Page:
Rolls-Royce Faberge Spirit of Ecstasy Imperial Egg

Rolls-Royce Teams up with Fabergé to Create Spirit of Ecstasy Egg

Fabergé eggs are studded with jewels and precious metals and were traditionally given to the wives of Russian Tsars Alexander III and Nicholas II as holiday gifts. Only 43 such eggs, crafted under the supervision of Peter Carl Fabergé between 1885 and 1917 in St. Petersberg, in Imperial Russia, survive. Now, almost 100 years after the end of the Romanov dynasty, Fabergé has teamed up with luxury car manufacturer Rolls-Royce to design a new egg for a single “discerning patron.”

Why Rolls-Royce? It’s about attention to detail, and about the willingness to go all out to create something truly fabulous. As for naming names, Rolls-Royce won’t name the buyer, but they’ll tell you the names of the designers of the egg. That would be Rolls-Royce designers Stefan Monro and Alex Innes. Once designed, Fabergé lead designer Liisa Tallgren, headed a team of seven craftsmen in the actual creation of the egg.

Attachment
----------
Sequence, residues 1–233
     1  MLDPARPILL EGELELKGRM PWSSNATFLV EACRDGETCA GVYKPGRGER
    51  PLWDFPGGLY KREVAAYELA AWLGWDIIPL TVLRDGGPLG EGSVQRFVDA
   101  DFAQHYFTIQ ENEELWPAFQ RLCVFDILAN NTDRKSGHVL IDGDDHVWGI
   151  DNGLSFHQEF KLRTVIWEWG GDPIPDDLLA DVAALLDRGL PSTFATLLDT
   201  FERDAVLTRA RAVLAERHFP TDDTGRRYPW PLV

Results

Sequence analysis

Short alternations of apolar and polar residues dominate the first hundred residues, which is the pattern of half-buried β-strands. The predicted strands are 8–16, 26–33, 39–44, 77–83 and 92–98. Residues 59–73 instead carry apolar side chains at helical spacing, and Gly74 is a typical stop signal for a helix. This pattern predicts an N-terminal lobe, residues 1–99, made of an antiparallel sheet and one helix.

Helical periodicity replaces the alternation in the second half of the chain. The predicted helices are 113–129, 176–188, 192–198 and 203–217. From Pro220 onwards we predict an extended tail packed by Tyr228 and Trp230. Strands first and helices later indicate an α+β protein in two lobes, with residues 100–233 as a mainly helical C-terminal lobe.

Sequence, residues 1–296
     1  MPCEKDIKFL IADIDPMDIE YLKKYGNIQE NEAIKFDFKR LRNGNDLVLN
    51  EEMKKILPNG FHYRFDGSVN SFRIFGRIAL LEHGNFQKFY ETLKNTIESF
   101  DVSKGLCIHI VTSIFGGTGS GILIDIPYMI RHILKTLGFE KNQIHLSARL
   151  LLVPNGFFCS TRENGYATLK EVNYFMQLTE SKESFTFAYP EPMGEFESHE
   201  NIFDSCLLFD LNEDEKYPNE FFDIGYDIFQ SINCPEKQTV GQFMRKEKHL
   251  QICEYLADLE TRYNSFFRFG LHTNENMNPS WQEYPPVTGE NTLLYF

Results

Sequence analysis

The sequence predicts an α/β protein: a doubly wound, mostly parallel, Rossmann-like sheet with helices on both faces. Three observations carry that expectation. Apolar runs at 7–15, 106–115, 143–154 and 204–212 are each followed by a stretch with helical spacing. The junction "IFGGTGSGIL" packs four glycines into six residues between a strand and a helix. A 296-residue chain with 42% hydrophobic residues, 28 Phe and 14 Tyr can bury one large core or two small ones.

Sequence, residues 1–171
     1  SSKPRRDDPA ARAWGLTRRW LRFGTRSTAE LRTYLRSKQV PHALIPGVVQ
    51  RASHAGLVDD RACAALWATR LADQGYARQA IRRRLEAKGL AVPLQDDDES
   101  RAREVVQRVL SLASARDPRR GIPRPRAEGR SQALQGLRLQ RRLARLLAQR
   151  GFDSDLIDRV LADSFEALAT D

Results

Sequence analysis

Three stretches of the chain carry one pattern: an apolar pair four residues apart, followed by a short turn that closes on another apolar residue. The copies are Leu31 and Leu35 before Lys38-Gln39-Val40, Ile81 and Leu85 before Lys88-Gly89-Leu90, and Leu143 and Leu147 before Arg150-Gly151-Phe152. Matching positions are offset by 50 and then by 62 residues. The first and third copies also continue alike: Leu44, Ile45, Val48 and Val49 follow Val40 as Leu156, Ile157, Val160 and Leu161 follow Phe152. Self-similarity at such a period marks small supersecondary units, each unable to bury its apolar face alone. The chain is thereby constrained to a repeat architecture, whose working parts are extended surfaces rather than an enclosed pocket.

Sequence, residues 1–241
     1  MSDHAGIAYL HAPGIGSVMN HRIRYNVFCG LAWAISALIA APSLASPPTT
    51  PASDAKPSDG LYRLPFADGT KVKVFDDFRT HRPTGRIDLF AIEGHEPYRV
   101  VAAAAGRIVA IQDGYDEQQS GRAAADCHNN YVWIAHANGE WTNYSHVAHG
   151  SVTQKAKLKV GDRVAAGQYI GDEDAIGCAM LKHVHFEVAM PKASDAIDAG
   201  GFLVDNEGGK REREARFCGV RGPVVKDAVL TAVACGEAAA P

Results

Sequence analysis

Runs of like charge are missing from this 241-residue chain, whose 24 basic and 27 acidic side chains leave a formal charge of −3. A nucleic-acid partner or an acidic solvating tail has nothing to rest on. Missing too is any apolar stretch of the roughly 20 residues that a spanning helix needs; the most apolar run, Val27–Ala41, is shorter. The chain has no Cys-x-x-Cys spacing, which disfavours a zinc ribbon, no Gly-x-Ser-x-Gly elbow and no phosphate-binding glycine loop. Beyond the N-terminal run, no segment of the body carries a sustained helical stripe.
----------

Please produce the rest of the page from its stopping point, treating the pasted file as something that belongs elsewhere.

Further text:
The egg’s base is of engine-turned 18-karat white gold, hand-engraved and covered in a purple enamel guilloche. The shape of the egg is formed by “arms of rose gold” covered in almost 10 carats of round white diamonds. The diamonds are followed up by a trail of carefully selected high quality purple amethysts weighing over 390 carats. All of these elements combine to form a cradle for the hand-sculpted frosted rock crystal “Spirit of Ecstasy.”

Imperial Class eggs all contain an element to surprise and delight. In this case, a lever located at the base of the egg’s stand, opens up the egg to free the small sculpture from her “high-end prison.”

The egg is on display at the Fabergé store in London during the holiday season, after which it will be delivered to its lucky owner.

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